Three currents of force flowing vertically, as it were: 1) the active or masculine stream, called the Pillar of Mercy or Compassion; 2) the receptive or feminine stream; complementing and thus supportive of the masculine, called the Pillar of Judgment; and 3) the central current, named the Pillar of Harmony or Stability. It is important to remember that each Pillar, Triad, or individual Sephirah, in descending degree, is both a receiver of the "light" from above and a transmitter of that light to the one below; just so in the same way each is regarded at one time as manifesting the feminine, and at another the masculine.
Sometimes the Sephiroth are shown as a series of concentric circles and thus correlated to the constellations of the zodiac and the "seven sacred planets," the Primum Mobile (the Hebrew term for this is Re'shith ha-Galgallim, literally "the beginning of wheelings or revolvings," i.e. Primordial Motion) as the outermost circle standing for Kether, the primal emanation, the first "receiver" of 'Eyn Soph — the limitless expanse which cannot be defined by any imagined sphere —with the succeeding Sephiroth descending in potency as they reach Malchuth at the hub. Others reverse the conception, showing Kether at the center, the "primordial point," the dynamic link with the invisible 'Eyn Soph, and Malchuth at the circumference.
Of particular interest is the doctrine of the four Worlds in relation to the four Adams, each finding expression in a corresponding World or 'Olam of descending spiritual power. The doctrine is not mentioned in the Zohar as such, but was developed by later Qabbalists, notably Cordovero of Safed and Isaac Luria, from earlier ideas (Gershom G. Scholem, Major Trends in Jewish Mysticism, pp. 268-9). It would appear, however, to be a natural evolution of the Zoharic principle that "the lower world is made after the pattern of the upper world" because all that had been emanated, "all the creatures of the universe, in whatever age they were to exist, before they ever entered into this world, were present before God in their true form" (Zohar, iii, 20a).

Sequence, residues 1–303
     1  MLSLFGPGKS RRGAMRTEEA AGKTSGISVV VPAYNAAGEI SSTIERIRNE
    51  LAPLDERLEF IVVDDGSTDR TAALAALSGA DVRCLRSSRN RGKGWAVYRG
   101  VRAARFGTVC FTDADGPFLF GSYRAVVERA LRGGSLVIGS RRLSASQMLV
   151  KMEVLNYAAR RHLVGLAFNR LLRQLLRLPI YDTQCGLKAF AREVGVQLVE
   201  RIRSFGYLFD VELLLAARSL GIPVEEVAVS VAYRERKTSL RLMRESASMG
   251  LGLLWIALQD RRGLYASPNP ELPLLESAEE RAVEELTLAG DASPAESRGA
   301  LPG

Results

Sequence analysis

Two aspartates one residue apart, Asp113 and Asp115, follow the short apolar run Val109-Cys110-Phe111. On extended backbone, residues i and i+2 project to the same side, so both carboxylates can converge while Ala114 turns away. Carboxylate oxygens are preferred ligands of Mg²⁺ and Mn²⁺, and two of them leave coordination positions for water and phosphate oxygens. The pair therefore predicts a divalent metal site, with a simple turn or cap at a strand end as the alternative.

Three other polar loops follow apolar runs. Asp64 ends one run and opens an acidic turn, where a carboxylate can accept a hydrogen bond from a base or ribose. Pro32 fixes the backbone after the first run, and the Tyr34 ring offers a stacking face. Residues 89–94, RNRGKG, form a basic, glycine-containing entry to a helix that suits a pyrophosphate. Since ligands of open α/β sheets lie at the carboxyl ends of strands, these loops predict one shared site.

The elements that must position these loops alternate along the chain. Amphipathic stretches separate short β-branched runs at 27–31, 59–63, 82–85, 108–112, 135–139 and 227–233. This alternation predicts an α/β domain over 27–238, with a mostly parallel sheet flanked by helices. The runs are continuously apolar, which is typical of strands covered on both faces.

The first 'Olam is called the "World of Junction" — well named as the link between Kether and 'Eyn Soph on which the highest Sephirothal Tree of Life is manifest. This is the abode of Adam Qadmon, also called Adam 'Illa'ah, the "Elevated" or Heavenly Adam. Androyne, he is the archetype or model for the three lower Adams; in this Upper Adam we find Neshamah, the highest "breath" dominant, with Ruahh, the "breath" of the spiritual soul, and Nephesh, the vital "breath," also present, all three being in their perfect form.
The second 'Olam is the "World of Production" or creation, and has its own ten Sephiroth which, being a step removed from the original Tree of Life, are of slightly diminished potency. The second Adam, also androgyne, is made in the "image" — tselem — of the first Adam, and likewise has its three breaths, but of less supernal quality, Ruahh being strongest here.
From this issues a third 'Olam, the "World of Formation" of still greater materiality, on which the preterrestrial or "innocent Adam" dwells and where Nephesh is most developed. It also has a Sephirothal Tree of corresponding quality. This 'Olam serves as the model or image for the fourth, the "World of Making" inhabited by the fourth Adam, that is "the Third Adam as he was after the Fall," our earthly sexual humanity, which works through Nephesh and Guph, the "shell" or physical body (Isaac Myer, Qabbalah, pp. 418-20). The correspondence here to the Ages of Hesiod, the Golden, Silver, Brazen, and Iron Ages and to the Four Yugas of Brahmanical chronology, from the Satya- or Krita-yuga on down to our own present Kali-yuga or Age of Darkness, would seem more than coincidental. Incidentally, this fourth world is also called the realm of "shells" or rinds, sometimes of "skins." This is highly interesting in that we started out on our evolutionary journey clothed in garments of light and only later, as Genesis tells us, did we have need for "coats of skin," these being in very truth the husks of ourselves, which we have ultimately to slough off if we would make use of our original "cloaks of light."